3. winningspin = random.randint(3, 7) # randomisation of average winning spin
  5. if spin % winningspin == 0:
  6. numleds = random.sample(winningnumbers, 1)
  7. numleds = numleds[0]
  8. else:
  9. numleds = random.sample(losingnumbers, 1)
  10. numleds = numleds[0]
  12. winner = {
  13. "number":numleds,
  14. }
  15. return winner

Next, I wanted the LED animation to look like a natural spin. This required two things; randomising the number of rotations in a spin between a maximum and minimum number defined at the top of the script and adding a decay into the loop that increases the time for each iteration, so the spin slows down logarithmically.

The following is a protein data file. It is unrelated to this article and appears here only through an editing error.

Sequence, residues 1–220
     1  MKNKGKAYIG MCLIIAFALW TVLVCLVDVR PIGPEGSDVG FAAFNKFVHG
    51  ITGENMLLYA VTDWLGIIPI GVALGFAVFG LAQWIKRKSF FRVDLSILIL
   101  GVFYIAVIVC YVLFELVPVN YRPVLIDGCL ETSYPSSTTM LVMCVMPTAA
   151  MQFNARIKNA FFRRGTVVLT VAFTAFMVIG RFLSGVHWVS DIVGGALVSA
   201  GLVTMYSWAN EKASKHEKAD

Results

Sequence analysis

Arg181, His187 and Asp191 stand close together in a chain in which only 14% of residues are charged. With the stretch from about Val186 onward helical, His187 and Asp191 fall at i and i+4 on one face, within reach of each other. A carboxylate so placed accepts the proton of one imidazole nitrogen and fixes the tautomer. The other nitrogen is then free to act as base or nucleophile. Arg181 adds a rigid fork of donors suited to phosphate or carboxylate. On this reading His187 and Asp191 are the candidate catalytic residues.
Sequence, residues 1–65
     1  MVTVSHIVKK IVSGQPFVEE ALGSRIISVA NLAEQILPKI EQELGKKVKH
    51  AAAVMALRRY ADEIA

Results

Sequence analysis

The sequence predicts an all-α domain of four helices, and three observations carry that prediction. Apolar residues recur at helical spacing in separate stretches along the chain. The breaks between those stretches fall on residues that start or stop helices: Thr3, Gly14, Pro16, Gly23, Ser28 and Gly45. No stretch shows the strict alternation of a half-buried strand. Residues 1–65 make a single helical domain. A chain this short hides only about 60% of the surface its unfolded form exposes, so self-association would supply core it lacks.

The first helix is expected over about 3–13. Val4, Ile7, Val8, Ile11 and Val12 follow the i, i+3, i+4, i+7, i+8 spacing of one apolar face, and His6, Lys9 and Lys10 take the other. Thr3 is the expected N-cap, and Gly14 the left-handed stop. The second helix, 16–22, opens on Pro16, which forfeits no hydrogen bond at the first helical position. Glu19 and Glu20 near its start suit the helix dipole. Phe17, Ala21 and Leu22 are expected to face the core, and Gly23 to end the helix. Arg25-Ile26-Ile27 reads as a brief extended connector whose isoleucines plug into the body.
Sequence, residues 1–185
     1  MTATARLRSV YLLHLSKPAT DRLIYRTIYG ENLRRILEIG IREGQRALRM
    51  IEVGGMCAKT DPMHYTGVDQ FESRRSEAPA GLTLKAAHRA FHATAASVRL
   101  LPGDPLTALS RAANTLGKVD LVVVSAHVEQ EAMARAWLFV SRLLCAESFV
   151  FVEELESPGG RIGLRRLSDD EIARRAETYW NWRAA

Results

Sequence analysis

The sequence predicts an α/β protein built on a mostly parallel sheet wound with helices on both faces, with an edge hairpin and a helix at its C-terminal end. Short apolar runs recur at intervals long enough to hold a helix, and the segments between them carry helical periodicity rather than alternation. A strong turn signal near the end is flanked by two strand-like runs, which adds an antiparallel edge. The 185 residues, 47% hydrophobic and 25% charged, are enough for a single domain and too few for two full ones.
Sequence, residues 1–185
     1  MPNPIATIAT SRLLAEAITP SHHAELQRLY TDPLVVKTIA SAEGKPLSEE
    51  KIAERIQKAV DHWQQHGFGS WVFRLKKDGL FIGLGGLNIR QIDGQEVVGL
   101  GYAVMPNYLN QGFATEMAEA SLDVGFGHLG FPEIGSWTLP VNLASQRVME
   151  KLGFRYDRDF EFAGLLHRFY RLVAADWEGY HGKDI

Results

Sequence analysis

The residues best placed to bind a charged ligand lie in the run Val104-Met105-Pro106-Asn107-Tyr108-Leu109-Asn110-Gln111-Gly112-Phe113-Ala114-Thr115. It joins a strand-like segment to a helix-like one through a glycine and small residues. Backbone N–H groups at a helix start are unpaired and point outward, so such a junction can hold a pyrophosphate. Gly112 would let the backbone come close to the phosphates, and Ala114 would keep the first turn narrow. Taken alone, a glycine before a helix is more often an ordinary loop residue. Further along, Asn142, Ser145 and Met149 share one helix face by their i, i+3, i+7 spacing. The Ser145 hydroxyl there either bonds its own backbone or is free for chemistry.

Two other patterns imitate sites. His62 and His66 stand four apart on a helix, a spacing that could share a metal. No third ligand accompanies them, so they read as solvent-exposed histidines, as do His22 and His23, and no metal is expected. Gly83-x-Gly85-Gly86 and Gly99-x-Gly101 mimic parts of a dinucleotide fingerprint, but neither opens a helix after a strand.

I use the equation rotation/decay to give a time delay. The time delay increases after each LED and increases for each rotation. This double factor gives a logarithmic scale.

If the number of rotations in the spin is 10 and the ring has 24 LEDs, then the decay equals 240.

So the equation goes:

Rotation / Decay = Time Delay

1 / 240 = 0.00416

1 / 239 = 0.00418

1 / 238 = 0.00420

1 / 216 = 0.00463

2 / 215 = 0.00930

2 / 214 = 0.00934

2 / 213 = 0.00939

2 / 192 = 0.01041

3 / 191 = 0.01570

3 / 190 = 0.01579


This creates a logarithmic scale that starts very fast and ends slow, looking very natural. The jump in time on each rotation isn’t apparent when viewed.

  1. while True:
  2. rotations = random.randint(minrotations, maxrotations) # randomised number of rotations in this spin
  3. numleds = 24 # reset to total number of leds after changing to chosen winner or loser